Address Telangana’s water demands

Since proceedings under Sec 89 is unlikely to be of much help, a proactive approach from the Centre is essential

By Author Salla Vijaya Kumar   |   Published: 29th May 2019   12:05 am Updated: 28th May 2019   9:18 pm

Five years ago, while the people in Telangana were jubilant on the formation of the new State, those at the helm of affairs of the State were apprehensive about the contents of the Andhra Pradesh Reorganisation Act, 2014. Especially, on the water front for they feared that Telangana’s grievances may not be addressed.

Meanwhile, in May 2014, in accordance with Section 89 of the Act, the Union government extended the Krishna Water Disputes Tribunal-II (KWDT-II), popularly known as Brijesh Kumar Tribunal. While continuing to participate in the Brijesh Kumar Tribunal, Telangana also approached other constitutional and judicial processes for redressal of its grievances. After five years, the State is still struggling for justice.

Proceedings So Far

In the first two years of Section – 89 proceedings, ie, till the 19th October 2016 Order of the Tribunal, the main issue before it was whether the scope encompasses all the four riparian States or only two successor States of erstwhile Andhra Pradesh. Telangana and Andhra Pradesh argued in favour of involving all the four States, and Maharashtra and Karnataka were in favour of two States only. The Tribunal clarified that it is only between the two States.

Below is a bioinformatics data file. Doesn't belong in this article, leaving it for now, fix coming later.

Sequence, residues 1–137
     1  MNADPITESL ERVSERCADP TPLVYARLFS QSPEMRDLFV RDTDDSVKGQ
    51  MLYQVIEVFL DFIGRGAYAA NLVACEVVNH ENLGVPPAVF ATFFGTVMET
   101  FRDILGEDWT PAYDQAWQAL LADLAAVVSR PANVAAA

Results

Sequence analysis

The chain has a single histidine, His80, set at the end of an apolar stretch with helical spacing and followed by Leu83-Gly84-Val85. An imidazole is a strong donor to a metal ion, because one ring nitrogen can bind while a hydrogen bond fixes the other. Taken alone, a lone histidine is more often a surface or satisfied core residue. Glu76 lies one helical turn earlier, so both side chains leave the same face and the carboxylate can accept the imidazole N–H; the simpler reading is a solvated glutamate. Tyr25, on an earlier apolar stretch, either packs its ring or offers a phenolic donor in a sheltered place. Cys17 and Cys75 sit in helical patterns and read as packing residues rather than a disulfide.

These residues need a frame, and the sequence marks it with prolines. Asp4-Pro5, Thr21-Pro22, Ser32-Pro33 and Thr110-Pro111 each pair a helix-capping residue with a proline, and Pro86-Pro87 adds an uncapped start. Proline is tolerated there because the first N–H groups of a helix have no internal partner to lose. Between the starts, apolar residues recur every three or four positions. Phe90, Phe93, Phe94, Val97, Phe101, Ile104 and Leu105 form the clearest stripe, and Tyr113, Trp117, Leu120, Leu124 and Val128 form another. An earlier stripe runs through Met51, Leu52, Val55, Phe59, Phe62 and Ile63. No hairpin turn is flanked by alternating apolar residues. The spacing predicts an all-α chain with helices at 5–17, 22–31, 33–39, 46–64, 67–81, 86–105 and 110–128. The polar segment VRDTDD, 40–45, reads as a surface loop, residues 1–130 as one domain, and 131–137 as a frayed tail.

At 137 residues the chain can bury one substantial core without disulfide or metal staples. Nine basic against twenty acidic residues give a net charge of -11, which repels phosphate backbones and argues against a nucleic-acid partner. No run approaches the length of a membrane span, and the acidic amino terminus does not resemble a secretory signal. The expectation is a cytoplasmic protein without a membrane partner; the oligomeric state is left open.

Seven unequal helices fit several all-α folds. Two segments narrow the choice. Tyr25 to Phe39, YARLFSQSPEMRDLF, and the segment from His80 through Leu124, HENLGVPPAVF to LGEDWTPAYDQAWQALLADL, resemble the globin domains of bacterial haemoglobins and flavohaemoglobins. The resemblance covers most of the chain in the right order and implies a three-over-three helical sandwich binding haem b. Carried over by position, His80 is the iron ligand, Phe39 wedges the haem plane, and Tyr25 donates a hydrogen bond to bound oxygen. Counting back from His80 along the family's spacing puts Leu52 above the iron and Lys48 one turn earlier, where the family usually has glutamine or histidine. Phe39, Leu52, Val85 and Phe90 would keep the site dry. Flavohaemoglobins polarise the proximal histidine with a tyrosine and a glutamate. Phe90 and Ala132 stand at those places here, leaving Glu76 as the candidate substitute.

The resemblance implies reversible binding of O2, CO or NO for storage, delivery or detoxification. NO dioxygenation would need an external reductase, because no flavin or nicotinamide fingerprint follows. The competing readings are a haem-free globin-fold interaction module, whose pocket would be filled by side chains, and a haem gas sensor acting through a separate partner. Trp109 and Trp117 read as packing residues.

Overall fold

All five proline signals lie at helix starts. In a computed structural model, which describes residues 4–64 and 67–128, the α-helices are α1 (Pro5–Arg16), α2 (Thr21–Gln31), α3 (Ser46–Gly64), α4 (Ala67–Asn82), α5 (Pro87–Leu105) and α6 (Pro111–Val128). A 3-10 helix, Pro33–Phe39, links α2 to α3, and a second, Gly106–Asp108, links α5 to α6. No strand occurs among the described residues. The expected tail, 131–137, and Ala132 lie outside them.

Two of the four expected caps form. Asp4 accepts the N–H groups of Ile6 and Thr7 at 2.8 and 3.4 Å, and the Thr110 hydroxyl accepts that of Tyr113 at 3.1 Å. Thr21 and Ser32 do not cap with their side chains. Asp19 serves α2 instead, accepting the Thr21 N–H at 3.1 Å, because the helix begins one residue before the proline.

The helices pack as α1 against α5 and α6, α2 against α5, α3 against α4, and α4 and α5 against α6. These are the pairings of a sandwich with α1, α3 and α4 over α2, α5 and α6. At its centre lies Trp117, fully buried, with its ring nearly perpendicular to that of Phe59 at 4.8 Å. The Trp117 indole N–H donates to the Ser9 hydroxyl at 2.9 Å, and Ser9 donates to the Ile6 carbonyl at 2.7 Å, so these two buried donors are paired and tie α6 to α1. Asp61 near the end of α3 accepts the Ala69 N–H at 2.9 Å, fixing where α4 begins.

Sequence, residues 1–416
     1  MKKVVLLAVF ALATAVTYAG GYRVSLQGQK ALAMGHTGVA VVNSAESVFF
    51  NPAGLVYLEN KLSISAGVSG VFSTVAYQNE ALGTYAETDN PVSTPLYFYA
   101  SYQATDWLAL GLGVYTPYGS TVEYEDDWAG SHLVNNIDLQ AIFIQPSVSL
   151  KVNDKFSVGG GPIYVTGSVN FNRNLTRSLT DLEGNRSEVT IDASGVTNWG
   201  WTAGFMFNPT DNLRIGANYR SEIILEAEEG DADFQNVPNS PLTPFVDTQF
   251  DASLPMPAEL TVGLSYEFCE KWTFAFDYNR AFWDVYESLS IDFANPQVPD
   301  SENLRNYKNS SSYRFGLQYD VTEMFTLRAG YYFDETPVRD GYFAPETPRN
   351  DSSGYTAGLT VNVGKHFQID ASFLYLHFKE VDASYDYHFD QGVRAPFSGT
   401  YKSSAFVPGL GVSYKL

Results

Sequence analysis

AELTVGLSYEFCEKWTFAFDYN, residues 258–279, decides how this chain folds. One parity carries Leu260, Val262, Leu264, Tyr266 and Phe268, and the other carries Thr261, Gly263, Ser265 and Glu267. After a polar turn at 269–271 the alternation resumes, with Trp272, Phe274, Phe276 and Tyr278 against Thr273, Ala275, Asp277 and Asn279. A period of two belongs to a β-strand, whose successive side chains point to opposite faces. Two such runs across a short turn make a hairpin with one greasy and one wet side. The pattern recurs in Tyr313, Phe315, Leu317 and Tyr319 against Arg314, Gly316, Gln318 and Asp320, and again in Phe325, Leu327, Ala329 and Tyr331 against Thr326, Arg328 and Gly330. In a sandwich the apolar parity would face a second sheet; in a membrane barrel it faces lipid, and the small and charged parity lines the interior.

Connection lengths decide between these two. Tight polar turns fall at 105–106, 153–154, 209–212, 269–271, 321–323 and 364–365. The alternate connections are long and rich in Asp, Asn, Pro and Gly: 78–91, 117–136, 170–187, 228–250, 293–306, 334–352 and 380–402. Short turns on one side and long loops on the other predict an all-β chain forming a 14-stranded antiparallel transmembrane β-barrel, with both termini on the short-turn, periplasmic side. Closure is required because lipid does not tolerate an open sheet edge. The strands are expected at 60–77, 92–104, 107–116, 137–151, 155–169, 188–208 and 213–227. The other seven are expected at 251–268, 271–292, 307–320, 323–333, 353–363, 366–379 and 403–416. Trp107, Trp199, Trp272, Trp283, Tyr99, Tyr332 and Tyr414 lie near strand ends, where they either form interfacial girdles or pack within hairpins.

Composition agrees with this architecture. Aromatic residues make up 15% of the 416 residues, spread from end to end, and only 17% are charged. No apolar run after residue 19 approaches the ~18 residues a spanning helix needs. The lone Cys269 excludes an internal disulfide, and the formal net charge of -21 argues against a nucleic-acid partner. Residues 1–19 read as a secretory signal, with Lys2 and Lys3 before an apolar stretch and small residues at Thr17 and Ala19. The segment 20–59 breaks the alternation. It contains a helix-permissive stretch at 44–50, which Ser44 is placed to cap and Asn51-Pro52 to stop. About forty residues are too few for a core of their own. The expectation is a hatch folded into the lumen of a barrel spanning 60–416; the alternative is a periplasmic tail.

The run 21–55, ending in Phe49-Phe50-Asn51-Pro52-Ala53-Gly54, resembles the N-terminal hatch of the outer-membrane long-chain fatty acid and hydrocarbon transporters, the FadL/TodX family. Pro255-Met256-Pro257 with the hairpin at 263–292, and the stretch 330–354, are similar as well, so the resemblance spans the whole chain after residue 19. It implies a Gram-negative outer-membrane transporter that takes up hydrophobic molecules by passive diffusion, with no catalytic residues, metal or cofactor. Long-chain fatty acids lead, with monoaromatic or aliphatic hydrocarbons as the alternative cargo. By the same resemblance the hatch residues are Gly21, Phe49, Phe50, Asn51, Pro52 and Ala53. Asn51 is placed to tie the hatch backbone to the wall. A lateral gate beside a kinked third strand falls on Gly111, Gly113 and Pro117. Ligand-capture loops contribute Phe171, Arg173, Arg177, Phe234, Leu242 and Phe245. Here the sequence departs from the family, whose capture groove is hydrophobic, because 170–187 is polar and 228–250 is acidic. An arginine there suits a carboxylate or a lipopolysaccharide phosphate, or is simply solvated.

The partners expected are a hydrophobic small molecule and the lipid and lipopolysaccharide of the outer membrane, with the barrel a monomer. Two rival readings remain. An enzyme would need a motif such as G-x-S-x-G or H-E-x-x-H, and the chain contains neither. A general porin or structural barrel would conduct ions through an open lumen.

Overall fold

Telangana filed a Special Leave Petition (SLP) in the Supreme Court in January 2019 for staying the Tribunal Order but the court dismissed it. Since then, the Tribunal proceedings are going on at a brisk pace and it is more than halfway through. Within a year or so, the final decision of the Tribunal is expected under Section 89. In the middle of 2017, AP also filed an SLP for stay, which was dismissed.

Section-3 and Writ Petition

In July 2014, Telangana filed a complaint under Section 3 of ISRWD Act, 1956, to the Union government seeking redressal of its grievances. Since the complaint was not referred to a Tribunal within the stipulated one year, in August 2015, Telangana filed a writ petition in the Supreme Court seeking to give directions to the Union government to refer the complaint pending before it.

Special Leave Petitions

The KWDT-II gave its decision in 2010 and 2013. A stay on the publication of the verdict was granted by the Supreme Court when SLPs were filed by erstwhile Andhra Pradesh and Karnataka. Later, Telangana also filed SLPs for the same purpose raising some of its own grounds.

Hearings on the writ petition and SLPs were postponed several times. However, this April, the Supreme Court took up the hearing and further posted it for July 8, 2019, by tagging SLPs and writ petition together.

Views of Other States